Catholic Archbishop Cyprian Kizito Lwanga of Kampala, Uganda died suddenly on Saturday, after leading Christians in marking Good Friday.
Catholic church officials said his lifeless body was found in the morning in his room at his residence in the city where he had retired the previous day.
The 68 years old prelate had on Friday led other Ugandan Christian leaders in an ecumenical Way of the Cross at the Namirembe Anglican Cathedral.
“The Uganda Episcopal Conference deeply regrets to announce the sudden death of Archbishop Kizito Lwanga. The members of the conference extend their condolences to the clergy, religious and faithful of the archdiocese of Kampala and the Catholic Church in Uganda,” said Bishop Antony Zziwa, the chairman of the bishop’s conference.
Christians and political leaders in the country have continued to mourn the archbishop as brilliant, hardworking and a champion of the poor.
“Just yesterday (Friday), we walked the Way of the Cross together and it’s a shock to all of us. His clear Gospel voice of advocacy for the poor and oppressed, his commitment to Christian unity and justice for all will be missed,” said Anglican Archbishop Stephen Kaziimba in a letter of condolence to the Uganda catholic church.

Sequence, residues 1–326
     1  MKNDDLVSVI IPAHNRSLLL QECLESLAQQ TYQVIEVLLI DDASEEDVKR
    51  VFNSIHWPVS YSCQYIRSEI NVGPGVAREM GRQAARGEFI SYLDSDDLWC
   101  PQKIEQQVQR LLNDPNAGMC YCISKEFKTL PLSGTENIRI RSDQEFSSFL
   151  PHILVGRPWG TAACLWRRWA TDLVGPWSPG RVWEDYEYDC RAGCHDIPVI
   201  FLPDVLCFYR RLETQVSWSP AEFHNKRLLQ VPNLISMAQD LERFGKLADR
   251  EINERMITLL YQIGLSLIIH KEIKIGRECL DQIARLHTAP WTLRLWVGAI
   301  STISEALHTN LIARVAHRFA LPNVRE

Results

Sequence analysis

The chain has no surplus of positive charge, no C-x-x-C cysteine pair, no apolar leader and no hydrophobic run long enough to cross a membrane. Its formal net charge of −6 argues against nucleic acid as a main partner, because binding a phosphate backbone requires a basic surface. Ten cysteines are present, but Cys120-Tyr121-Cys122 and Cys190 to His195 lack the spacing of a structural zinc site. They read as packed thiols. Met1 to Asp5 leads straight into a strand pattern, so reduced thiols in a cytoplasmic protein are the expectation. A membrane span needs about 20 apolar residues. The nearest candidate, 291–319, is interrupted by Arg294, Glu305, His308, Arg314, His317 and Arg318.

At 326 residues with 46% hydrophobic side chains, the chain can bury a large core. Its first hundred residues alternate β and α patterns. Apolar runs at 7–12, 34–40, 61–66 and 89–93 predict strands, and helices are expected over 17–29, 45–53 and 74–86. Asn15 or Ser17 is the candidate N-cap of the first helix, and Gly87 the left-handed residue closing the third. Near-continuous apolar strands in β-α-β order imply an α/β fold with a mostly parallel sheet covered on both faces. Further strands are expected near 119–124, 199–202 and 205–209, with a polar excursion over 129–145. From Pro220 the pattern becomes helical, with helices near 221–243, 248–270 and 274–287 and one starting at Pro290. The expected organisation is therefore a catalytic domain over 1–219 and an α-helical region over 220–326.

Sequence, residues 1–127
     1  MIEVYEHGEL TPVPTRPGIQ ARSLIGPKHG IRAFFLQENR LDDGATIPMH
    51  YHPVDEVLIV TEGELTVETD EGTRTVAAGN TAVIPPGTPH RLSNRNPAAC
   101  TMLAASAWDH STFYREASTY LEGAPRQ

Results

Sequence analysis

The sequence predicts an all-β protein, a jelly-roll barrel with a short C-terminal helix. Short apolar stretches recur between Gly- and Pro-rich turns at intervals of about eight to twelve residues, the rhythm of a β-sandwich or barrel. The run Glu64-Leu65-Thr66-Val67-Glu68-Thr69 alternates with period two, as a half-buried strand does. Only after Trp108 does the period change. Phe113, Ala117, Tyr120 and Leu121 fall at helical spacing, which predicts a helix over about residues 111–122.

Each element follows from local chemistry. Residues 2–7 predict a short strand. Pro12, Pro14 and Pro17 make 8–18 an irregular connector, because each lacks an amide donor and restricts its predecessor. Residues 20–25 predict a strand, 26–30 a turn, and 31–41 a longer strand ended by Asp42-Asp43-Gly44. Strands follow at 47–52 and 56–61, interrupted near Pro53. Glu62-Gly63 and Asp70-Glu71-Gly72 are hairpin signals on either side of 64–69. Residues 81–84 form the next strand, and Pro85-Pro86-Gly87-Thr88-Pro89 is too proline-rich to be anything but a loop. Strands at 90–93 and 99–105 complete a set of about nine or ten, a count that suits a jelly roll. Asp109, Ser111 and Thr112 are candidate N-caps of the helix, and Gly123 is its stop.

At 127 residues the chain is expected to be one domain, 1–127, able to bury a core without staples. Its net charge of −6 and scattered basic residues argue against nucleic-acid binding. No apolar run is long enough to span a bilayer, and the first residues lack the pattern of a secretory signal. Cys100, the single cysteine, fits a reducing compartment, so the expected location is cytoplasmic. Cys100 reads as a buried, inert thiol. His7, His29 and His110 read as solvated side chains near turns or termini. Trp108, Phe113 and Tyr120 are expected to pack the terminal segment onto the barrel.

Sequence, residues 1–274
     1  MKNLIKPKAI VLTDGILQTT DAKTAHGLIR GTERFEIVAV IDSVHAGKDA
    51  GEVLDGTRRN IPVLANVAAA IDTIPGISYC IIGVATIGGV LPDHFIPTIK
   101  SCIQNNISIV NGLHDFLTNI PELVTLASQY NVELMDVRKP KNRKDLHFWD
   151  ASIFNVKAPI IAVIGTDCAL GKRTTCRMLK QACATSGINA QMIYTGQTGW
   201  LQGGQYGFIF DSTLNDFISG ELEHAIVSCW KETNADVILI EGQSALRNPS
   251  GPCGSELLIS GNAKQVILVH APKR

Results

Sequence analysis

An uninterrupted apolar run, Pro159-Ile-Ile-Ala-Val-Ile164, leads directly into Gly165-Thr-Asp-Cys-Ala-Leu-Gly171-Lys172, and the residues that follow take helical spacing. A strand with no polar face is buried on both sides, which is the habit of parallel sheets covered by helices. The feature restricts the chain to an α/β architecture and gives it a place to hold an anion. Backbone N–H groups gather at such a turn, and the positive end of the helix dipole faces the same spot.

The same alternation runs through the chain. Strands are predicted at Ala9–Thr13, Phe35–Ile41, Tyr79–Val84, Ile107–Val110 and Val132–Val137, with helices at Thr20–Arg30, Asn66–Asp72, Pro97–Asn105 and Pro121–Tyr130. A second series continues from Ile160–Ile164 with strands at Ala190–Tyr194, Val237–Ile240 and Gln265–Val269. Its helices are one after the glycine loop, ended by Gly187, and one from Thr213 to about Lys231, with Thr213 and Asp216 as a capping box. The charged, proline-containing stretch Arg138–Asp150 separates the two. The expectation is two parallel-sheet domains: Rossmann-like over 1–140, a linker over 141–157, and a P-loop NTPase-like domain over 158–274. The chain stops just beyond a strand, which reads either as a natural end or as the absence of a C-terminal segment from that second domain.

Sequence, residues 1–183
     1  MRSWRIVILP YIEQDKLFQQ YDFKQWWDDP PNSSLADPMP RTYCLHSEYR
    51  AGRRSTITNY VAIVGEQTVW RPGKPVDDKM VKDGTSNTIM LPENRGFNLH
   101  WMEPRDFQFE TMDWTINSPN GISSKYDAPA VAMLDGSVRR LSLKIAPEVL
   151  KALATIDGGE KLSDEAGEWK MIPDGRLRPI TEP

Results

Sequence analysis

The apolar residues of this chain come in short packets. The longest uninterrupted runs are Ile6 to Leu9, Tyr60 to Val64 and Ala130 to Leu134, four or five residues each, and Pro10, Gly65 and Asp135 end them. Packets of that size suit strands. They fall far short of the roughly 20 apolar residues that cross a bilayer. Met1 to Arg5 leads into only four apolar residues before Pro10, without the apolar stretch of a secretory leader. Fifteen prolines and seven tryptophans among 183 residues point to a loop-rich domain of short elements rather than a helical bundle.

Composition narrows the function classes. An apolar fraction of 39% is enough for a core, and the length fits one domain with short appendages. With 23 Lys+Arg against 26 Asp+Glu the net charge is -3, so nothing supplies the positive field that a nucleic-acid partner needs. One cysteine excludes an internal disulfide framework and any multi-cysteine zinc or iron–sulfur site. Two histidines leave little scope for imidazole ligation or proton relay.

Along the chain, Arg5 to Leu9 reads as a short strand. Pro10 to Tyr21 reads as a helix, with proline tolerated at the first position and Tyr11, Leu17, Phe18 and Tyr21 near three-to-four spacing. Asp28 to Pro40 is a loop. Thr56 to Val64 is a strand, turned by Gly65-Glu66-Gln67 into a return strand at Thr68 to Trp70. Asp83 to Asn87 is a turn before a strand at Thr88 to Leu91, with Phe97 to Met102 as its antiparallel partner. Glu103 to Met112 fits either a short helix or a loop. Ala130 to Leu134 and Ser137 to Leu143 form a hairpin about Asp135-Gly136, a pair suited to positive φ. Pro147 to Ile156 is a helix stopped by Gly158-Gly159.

Lwanga had mixed relations with the government, castigating its excesses, especially in the area of human rights abuses, while at the same time working with its officials on some projects. As the archbishop of Kampala, he had worked with President Yoweri Museveni in the upgrade of Namugongo Martyrs Shrine.
On Saturday, Museveni said he was profoundly grieved by the death of the archbishop.
“I joined the Catholic church, all religious faithful and the country in mourning Archbishop Lwanga. He died in faith,” said Museveni, who had called Lwanga for a private meeting in 2018 following a series of criticisms on his government.
Early this year, he rubbed the government the wrong way after he claimed that some people were planning to poison opposition presidential candidate Robert Kyagulanyi (Bobi) Wine. At the peak of the last elections, he had stirred a controversy after he called for the postponement of polls to prevent further bloodshed after the killing of 54 people.
Born in 1953, Lwanga was ordained a priest of the Archdiocese of Kampala in 1978. He was appointed Bishop of the newly created Kasana- Luweero diocese in 1996. In 2006, he became the Archbishop of Kampala after the retirement of Cardinal Emmanuel Wamala.